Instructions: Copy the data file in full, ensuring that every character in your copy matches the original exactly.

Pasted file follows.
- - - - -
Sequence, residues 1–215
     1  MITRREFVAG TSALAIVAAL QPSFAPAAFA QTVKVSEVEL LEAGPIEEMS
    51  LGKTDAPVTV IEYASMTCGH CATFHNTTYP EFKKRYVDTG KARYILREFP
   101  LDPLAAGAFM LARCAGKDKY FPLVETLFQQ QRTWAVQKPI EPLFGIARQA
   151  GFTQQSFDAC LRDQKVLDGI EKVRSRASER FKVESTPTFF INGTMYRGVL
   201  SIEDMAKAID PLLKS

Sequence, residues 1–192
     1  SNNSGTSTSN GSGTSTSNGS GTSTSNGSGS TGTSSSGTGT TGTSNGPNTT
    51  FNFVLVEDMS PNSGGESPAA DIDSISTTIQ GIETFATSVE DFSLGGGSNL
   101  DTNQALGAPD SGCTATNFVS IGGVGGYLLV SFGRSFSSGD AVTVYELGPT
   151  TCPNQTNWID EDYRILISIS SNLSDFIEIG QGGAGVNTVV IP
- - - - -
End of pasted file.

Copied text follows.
Sequence, residues 1–215
     1  MITRREFVAG TSALAIVAAL QPSFAPAAFA QTVKVSEVEL LEAGPIEEMS
    51  LGKTDAPVTV IEYASMTCGH CATFHNTTYP EFKKRYVDTG KARYILREFP
   101  LDPLAAGAFM LARCAGKDKY FPLVETLFQQ QRTWAVQKPI EPLFGIARQA
   151  GFTQQSFDAC LRDQKVLDGI EKVRSRASER FKVESTPTFF INGTMYRGVL
   201  SIEDMAKAID PLLKS

Sequence, residues 1–192
     1  SNNSGTSTSN GSGTSTSNGS GTSTSNGSGS TGTSSSGTGT TGTSNGPNTT
    51  FNFVLVEDMS PNSGGESPAA DIDSISTTIQ GIETFATSVE DFSLGGGSNL
   101  DTNQALGAPD SGCTATNFVS IGGVGGYLLV SFGRSFSSGD AVTVYELGPT
   151  TCPNQTNWID EDYRILISIS SNLSDFIEIG QGGAGVNTVV IP